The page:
What Is The Best Treatment for Osteoarthritis?
Treatment depends on symptoms and severity
Treatment depends on symptoms and severity
As we age, one of the most common health problems that occur is chronic joint pain and stiffness due to arthritis. The most common type is osteoarthritis.
More than 32 million people have osteoarthritis or OA, according to the Centers for Disease Control and Prevention (CDC). It most often affects the hands, hips, knees and spine. Women are more likely than men to get it, especially after age 50. Symptoms range from mild discomfort to disabling pain, swelling and stiffness.
Early diagnosis can help make the condition easier to manage and prevent symptoms from getting worse.
“There is no cure for OA, but there are a number of treatments to manage your symptoms and improve your function,” says Adam Rosen, DO, an orthopedic surgeon at Scripps Clinic Torrey Pines. “Early intervention is the key to slowing the progression of pain and disability.”
Treatments range from weight loss to medications for pain relief to physical therapy and joint replacement surgery. Treatment depends largely on the severity of the condition.
What is osteoarthritis?
Osteoarthritis is often called the “wear and tear” arthritis. It occurs when the cartilage in the joint wears away due to age or overuse. Trauma can also cause it.
When osteoarthritis happens, it leaves bone exposed resulting in bone rubbing against bone, causing pain and limited mobility.
Osteoarthritis vs. osteoporosis
People often confuse osteoporosis with osteoarthritis, but they’re different. Osteoarthritis is a degeneration of a joint. Osteoporosis is the loss of bone mass.
Osteoporosis is a bone disease that affects more than 10 million Americans age 50 and over. It occurs in men and women, but tends to happen earlier in women, which is one reason more women suffer from fragility fractures.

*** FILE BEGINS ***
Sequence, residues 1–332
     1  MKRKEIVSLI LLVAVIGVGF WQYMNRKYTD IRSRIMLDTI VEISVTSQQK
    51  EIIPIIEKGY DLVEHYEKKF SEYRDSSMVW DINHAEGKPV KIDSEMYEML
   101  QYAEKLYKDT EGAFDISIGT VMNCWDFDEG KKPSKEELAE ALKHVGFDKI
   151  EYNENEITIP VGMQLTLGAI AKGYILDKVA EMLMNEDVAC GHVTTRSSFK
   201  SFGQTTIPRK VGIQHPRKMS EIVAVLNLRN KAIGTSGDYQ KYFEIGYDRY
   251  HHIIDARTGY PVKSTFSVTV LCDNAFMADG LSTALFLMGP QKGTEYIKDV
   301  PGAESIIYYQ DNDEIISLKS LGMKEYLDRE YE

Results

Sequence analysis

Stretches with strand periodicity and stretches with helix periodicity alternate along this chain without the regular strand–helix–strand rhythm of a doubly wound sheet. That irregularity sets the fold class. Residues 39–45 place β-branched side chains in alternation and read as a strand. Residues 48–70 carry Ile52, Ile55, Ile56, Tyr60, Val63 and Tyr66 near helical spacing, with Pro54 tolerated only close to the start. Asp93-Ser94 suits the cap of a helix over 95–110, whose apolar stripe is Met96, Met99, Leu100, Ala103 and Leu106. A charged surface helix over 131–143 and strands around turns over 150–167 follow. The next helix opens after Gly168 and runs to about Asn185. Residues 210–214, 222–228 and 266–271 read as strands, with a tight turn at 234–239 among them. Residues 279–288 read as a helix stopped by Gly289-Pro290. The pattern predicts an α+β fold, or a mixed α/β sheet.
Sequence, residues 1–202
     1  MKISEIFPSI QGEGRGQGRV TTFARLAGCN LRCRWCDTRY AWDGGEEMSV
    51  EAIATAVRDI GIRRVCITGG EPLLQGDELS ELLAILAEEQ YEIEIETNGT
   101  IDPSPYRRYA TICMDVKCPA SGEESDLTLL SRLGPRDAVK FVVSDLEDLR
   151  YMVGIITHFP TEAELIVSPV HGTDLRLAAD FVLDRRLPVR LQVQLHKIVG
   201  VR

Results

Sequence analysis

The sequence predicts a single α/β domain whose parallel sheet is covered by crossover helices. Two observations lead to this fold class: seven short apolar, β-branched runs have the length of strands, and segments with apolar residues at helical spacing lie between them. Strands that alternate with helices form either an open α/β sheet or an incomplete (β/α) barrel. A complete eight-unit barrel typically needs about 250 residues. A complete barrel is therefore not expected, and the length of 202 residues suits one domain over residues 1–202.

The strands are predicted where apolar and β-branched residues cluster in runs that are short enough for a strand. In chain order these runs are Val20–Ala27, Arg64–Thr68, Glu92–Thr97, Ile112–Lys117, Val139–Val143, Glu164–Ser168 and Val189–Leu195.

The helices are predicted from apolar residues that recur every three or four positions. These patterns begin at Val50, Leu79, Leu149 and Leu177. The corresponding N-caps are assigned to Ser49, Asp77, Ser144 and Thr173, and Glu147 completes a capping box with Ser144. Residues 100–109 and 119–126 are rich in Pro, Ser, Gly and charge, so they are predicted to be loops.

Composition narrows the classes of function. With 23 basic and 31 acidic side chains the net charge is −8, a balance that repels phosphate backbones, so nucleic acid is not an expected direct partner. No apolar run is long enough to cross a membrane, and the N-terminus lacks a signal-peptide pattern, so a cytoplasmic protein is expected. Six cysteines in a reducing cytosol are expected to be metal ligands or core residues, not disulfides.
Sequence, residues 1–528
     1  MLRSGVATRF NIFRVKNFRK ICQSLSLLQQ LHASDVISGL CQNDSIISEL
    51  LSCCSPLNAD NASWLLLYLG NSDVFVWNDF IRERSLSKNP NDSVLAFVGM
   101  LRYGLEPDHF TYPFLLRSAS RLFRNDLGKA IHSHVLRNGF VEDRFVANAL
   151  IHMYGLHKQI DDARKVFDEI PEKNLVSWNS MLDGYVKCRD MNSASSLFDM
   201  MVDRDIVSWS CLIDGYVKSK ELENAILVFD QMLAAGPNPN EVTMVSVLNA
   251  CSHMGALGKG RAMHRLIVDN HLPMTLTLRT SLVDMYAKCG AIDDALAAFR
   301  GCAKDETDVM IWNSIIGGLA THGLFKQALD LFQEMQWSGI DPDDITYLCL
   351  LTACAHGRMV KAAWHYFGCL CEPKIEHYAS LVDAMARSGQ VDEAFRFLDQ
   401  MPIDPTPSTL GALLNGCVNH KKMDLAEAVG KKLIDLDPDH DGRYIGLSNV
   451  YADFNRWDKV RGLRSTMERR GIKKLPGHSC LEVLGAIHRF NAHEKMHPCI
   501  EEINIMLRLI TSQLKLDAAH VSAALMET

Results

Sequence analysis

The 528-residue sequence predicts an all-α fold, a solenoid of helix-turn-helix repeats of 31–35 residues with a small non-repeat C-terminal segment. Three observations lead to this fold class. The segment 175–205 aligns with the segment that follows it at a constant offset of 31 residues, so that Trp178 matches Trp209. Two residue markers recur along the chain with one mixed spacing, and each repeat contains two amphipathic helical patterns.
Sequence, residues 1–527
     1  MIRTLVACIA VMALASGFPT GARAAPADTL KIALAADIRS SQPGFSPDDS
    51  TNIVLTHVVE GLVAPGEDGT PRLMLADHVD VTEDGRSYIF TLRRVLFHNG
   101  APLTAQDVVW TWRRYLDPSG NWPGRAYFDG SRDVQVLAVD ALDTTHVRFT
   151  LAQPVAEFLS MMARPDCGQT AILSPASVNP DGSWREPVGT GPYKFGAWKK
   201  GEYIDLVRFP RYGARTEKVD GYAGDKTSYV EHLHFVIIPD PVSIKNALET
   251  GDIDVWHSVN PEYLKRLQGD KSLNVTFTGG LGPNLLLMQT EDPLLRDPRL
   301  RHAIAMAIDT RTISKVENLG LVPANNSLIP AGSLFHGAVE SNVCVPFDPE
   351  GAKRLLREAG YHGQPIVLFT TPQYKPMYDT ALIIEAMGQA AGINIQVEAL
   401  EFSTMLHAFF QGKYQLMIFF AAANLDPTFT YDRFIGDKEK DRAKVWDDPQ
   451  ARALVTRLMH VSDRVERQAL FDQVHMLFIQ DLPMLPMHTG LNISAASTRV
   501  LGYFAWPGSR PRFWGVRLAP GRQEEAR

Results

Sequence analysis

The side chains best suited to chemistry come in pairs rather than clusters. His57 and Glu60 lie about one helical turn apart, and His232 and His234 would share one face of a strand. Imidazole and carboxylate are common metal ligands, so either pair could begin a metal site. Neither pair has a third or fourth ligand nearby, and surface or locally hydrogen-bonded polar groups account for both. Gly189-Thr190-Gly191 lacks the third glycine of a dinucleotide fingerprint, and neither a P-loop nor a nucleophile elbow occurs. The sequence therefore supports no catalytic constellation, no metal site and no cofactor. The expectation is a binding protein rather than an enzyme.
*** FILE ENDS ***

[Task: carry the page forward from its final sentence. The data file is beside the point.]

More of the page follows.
The risk of osteoporosis can be reduced by not smoking, doing weight-bearing exercises and keeping a healthy diet rich in vitamin D and calcium. A health care provider can assess a patient's vitamin D levels and bone density and provide treatment if needed.
Osteoarthritis in young people
Osteoarthritis is usually seen in older adults. But it is increasing among young people due to obesity as well as overuse and trauma from high-impact activities.
“Osteoarthritis is often thought of as an ‘old person’s disease', but with obesity on the rise, this is no longer the case,” Dr. Rosen says. “While most patients with OA are over the age of 60, we see many patients in their 30s developing the disease for a variety of reasons, including obesity, injury or other conditions.”
Five treatments for osteoarthritis
1. Losing weight
Progression of osteoarthritis may be slowed by losing weight if you’re overweight, which means eating well and exercising.
Losing a single pound removes the equivalent load of three to five pounds on your joints. Losing 10 pounds can eliminate 30 to 50 pounds of pressure on your joints. This can ease pain and slow down the disease.
2. Low-impact exercise
“Exercise is helpful for people with OA, but certain exercises should be modified if they provoke pain,” Dr. Rosen says. “Consider switching from high-impact activities, such as running, to low-impact exercises, such as swimming or using a stationary bike.”
3. Medications for reducing the pain
Acetaminophen (Tylenol) and non-steroidal anti-inflammatory drugs (ibuprofen) are over-the-counter medications that can help reduce stiffness and pain symptoms.
Some patients benefit from cortisone injections given directly into affected joints by a physician.
4. Physical therapy and support
A physical therapist can help with muscle strengthening exercises and give advice.
A walking aid, such as a cane, may also help if the hip or knee are affected. A knee brace can help with swelling and give the knee more support.
If early treatments don’t work, surgery may be an option, especially for people with advanced osteoarthritis. Joint replacement is a common surgery with hips and knees as the most commonly replaced joints.
“Treatment with surgery depends on a person’s age, activity level, health condition and the severity of their osteoarthritis,” says Dr. Rosen, who specializes in knee and hip replacement.
“Surgery is usually the last resort when other approaches have failed,” he says. “Fortunately, advances in surgery, pain management and rehabilitation have made it safer and more effective.”
- Health and Wellness